Christianity had transformed greatly throughout the first millennium of its existence along with the changing political culture of Europe. The collapse of the Roman Empire in the fourth and fifth centuries gave rise to an increasingly powerful and influential Church that would remain so for five hundred years. However, the onset of the feudal mutation and the collapse of imperial and royal power in Europe in the tenth century led to the division and subjugation of the Church.
Christianity transformed from a persecuted, unorganized group of believers into a hierarchical, dominating Church over the course of seven centuries, developing alongside the changing political environment of post-Roman Europe. The development of the institution of the Catholic Church and the spread of Christ throughout Europe during these seven centuries directly impacted every aspect of late-antiquity and early-medieval life, especially politics and the relationship between kings and religion. During this time period the Church rejected its domination by the Roman and Byzantine emperors, in turn exerting its own type of spiritual dominance over the rulers of post-Roman Europe. Christianity, through the Church, became organized and “conquered” all of Europe by the time of the Norman Conquest of England in 1066.
Christianity had developed as a religious idea in Roman Palestine, and had slowly spread throughout the eastern part of the Empire toward the west. During the first three centuries of its existence, Christianity remained disorganized and concentrated within the cities. Each group of believers centered on a few charismatic local leaders and developed their own liturgy. However, the conversion of Emperor Constantine in AD312 changed the structure of Christianity and turned it into a well-organized, quasi-political institution. The Church provided Constantine with a tool to use to hold together the crumbling Empire. The Church came under the Emperor’s control with the Emperor as the “Divus Caesar”, or divine emperor. Constantine used the Christian bishops as imperial officials to administer law and justice throughout the Empire. These “imperial bishops” answered directly to the Emperor, thus instituting imperial dominance over the Church. The Council of Nicaea in AD325 further brought the Church under imperial control with the establishment of a uniform liturgy to use throughout the Empire and approved by the Emperor.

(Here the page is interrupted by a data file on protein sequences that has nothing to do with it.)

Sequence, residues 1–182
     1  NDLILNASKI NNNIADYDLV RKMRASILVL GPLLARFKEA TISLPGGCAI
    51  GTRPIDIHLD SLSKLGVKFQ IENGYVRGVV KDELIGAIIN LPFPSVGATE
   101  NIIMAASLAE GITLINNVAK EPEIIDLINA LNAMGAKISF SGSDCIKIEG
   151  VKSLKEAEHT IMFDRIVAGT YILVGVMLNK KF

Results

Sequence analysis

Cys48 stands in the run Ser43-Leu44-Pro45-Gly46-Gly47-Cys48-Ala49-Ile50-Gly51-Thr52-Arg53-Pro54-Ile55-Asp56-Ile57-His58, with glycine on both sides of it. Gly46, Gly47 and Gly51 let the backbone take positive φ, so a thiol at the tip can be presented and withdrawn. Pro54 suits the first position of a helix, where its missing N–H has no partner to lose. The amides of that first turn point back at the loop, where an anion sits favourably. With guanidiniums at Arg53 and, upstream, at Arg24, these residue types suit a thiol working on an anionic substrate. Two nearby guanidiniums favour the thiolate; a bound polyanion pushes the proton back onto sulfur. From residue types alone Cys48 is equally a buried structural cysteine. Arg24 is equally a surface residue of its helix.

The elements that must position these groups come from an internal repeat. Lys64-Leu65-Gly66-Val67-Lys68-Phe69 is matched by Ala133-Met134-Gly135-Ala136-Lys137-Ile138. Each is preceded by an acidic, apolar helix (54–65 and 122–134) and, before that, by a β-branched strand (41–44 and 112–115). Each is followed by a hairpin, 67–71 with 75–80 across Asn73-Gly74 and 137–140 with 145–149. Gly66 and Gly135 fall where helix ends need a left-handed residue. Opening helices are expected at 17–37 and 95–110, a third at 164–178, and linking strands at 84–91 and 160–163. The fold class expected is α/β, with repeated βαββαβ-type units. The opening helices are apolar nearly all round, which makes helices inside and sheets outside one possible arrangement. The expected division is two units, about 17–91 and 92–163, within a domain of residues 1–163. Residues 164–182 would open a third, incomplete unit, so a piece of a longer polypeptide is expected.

The Western Roman Empire gradually collapsed during the fourth and fifth centuries to be replaced by “barbarian” kingdoms that thought of themselves as “Roman” and maintained many of the classical Roman institutions. The political structure and culture of the new kingdoms was different, however. Germanic kings with long hair and animal skins took the place of the emperors. These barbaric kings had been converted to Christianity during the Roman Empire by missionaries, but practiced Arianism rather than Roman Catholicism. Christianity continued to thrive under the Germanic kings, spreading the religion through Western Europe. In AD508, Clovis of the Franks converted to Christianity followed by his warriors and subjects. He was followed by the Visigoth king, Recurred in AD589 by the conversion of Ireland during the sixth century. Under the Germanic kings, the Christian bishops became the predominant source of continuity between the Empire and the Germanic kingdoms. The bishops also became a source of great power in the post-Roman kingdoms. Germanic kings used the bishops as a link between the king and the Roman citizens living in the kingdom. The bishops grew very powerful serving as the representative of the largest class of subjects. The kings recognized this power and acknowledged it by granting the bishops political power to administer to the needs of the former Romans. Monasteries also became important institutions for the Germanic kings. The monasteries became centers of culture,